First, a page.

• Take summer classes to advance through the program more quickly. 

Benefits of an associate degree

If you’re unsure of the value of an associate degree, consider a study by Harvard Business School that suggests employers are more likely to see you as being job-ready if you have a degree [3]. In fact, the demand for associate degrees is steadily growing, according to data from Statista. An estimated 1.07 million American students will earn an associate degree in the 2029-2030 academic year, up from 1.04 million in the 2018-2019 academic year [4].

Here are some other reasons why students choose to pursue an associate degree:

  • Flexibility: An associate degree gives you flexibility in several ways. First, the amount of time required is less than that of a bachelor’s degree (two years vs. four years). Most of these programs are also conducive to working around your schedule should you have other commitments. Additionally, you can choose from a variety of educational institutions—both in person and online.

  • Financial savings: Associate degree programs require fewer credit hours to complete and as a result typically cost less than four-year degrees or graduate degrees. This may allow you to save money and start working sooner.

  • Higher earning potential: You might make more money after earning an associate degree. According to the US Bureau of Labor Statistics (BLS), the median earnings for high school graduates $40.620. But if you have an associate degree, that increases to $48,776 [5].

  • Increased job prospects: The average unemployment rate for people with a high school diploma is around 9 percent, according to the BLS [5]. The same statistic drops to 7.1 percent if you have an associate degree.

  • Options: This degree can stand on its own. But you can also use it as a step toward a bachelor's degree, as many of the credits you complete while earning your associate degree may transfer.

Learn more: 10 High-Paying Jobs You Can Get with an Associate Degree

Alternatives to an associate degree

Earning an associate degree isn’t the only path available to you. Many students choose to take a gap year to work, travel, or discover their passions. Others explore job-training opportunities that enable them to learn while gaining work experience. Other options include taking online courses or pursuing a certificate.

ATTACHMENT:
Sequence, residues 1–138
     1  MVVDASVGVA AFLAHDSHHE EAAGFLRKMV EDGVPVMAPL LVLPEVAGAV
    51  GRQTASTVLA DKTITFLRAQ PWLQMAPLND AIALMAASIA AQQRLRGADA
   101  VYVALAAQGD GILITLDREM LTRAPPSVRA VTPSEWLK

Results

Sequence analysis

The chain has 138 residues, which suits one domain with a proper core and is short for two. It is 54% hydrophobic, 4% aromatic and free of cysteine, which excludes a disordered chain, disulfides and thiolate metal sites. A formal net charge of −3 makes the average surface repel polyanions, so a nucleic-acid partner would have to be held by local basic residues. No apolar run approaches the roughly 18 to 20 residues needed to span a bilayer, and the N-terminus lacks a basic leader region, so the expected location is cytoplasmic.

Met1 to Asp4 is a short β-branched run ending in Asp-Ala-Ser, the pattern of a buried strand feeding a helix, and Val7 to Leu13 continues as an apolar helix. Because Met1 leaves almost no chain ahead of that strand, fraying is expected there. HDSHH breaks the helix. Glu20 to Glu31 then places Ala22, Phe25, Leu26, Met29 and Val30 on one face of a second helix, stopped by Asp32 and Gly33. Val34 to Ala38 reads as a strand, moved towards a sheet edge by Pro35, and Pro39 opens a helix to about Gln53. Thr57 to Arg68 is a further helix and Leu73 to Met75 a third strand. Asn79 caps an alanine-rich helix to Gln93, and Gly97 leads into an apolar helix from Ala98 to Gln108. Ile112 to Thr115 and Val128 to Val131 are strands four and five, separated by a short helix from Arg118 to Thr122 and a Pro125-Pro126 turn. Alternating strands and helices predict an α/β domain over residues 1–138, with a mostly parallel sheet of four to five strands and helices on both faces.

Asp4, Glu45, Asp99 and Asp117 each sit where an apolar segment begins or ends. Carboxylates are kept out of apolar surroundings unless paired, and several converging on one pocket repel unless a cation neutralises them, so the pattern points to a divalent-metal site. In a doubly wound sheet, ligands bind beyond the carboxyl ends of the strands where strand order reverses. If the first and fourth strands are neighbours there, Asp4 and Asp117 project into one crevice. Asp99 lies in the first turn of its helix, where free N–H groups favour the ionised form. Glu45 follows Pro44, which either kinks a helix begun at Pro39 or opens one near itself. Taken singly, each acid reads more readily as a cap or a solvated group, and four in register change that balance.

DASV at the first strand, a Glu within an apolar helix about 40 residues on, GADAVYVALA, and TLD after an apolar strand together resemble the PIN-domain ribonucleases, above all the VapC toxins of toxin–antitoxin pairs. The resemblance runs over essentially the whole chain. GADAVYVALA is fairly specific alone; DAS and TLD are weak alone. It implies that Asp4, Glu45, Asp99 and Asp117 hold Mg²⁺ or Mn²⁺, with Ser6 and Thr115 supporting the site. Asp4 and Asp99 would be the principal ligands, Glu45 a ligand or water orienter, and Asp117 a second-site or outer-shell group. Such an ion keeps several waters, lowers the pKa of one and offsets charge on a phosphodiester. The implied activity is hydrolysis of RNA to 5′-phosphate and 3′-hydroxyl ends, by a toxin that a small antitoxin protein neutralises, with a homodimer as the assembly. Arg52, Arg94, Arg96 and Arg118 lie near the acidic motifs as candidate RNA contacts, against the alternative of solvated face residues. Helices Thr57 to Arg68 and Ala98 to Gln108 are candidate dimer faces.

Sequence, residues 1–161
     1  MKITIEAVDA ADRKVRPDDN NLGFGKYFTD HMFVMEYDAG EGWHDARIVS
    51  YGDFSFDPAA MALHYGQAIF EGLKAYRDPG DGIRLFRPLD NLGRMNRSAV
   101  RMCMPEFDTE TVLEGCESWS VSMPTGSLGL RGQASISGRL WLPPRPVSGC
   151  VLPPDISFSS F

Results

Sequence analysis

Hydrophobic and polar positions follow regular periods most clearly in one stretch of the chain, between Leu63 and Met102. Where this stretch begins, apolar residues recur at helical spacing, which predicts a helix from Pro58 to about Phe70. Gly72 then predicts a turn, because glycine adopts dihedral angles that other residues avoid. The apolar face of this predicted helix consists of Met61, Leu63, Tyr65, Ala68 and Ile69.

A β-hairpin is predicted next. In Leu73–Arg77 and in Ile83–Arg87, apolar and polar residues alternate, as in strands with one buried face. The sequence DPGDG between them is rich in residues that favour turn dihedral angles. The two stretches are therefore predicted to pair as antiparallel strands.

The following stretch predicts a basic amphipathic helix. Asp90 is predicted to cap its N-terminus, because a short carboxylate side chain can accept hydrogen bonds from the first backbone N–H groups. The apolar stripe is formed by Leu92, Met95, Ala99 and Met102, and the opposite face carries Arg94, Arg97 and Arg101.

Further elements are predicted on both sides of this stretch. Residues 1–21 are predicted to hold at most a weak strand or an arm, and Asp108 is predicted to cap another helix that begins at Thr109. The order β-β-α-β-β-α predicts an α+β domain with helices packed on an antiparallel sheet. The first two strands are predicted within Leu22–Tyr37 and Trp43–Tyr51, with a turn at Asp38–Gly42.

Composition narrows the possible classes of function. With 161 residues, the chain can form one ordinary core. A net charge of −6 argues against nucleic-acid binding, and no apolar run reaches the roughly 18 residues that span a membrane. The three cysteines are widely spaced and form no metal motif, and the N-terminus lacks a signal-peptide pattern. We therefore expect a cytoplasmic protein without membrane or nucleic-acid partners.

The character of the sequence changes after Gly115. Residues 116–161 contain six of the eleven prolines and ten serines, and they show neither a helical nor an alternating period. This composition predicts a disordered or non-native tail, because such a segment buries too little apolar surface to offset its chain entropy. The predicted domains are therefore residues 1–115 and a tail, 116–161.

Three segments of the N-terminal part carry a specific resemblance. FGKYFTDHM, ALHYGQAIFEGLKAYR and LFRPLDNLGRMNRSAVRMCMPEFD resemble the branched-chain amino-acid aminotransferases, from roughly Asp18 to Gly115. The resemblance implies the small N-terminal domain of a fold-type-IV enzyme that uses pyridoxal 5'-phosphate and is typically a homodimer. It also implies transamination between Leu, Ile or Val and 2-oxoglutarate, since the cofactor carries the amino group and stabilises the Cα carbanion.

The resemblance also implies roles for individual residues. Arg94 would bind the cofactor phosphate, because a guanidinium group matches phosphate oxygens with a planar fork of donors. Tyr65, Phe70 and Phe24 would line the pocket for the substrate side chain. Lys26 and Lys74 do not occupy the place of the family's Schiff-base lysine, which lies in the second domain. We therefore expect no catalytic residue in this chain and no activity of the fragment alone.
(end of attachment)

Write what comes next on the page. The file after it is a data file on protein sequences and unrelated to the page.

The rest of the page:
Online courses

Taking online courses can help you sharpen individual skills or explore your interests in more depth. This option often gives you greater flexibility with your time while exposing you to a wide range of subjects. For example, you might learn about machine learning now, and then take an introductory course in psychology next. 

Certificates

Having a certificate on your resume validates that you've completed courses in specific subjects. With these programs, you'll develop technical skills associated with whatever the subject matter may be. For example, earn a Google Project Management: Professional Certificate to built skills in organizational culture, change management, and project planning.  

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Article Sources

1. College Raptor. “Part Time and Full Time Student Hours: What's the Difference?, https://www.collegeraptor.com/getting-in/articles/college-applications/difference-between-part-time-and-full-time-student-hours/." Accessed December 29, 2021.

2. National Center for Education Statistics. “Graduation and Retention Rates: What Is the Part-Time Retention Rate in Postsecondary Institutions?, https://nces.ed.gov/ipeds/TrendGenerator/app/answer/7/33." Accessed December 29, 2021.

3. Harvard Business School. “Dismissed by Degrees,  https://www.hbs.edu/managing-the-future-of-work/Documents/dismissed-by-degrees.pdf." Accessed December 28, 2021.

4. Statista. “Number of Associate's Degree Recipients U.S. 2030, https://www.statista.com/statistics/238249/associate-degree-recipients-in-the-us/." Accessed December 28, 2021.

5. US Bureau of Labor Statistics. “Education Pays, https://www.bls.gov/emp/chart-unemployment-earnings-education.htm." Accessed December 29, 2021.

Written by Coursera • Updated on

This content has been made available for informational purposes only. Learners are advised to conduct additional research to ensure that courses and other credentials pursued meet their personal, professional, and financial goals.